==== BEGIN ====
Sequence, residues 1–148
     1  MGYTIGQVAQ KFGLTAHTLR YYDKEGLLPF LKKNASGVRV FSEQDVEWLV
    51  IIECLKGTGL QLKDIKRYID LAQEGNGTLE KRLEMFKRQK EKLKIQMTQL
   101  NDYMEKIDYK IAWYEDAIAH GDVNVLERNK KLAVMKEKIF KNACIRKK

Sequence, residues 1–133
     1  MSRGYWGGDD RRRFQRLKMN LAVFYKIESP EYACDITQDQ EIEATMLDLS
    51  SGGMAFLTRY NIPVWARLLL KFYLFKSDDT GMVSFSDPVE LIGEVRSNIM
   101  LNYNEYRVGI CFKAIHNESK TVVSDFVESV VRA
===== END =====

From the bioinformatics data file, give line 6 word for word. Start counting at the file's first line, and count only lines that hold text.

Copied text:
     1  MSRGYWGGDD RRRFQRLKMN LAVFYKIESP EYACDITQDQ EIEATMLDLS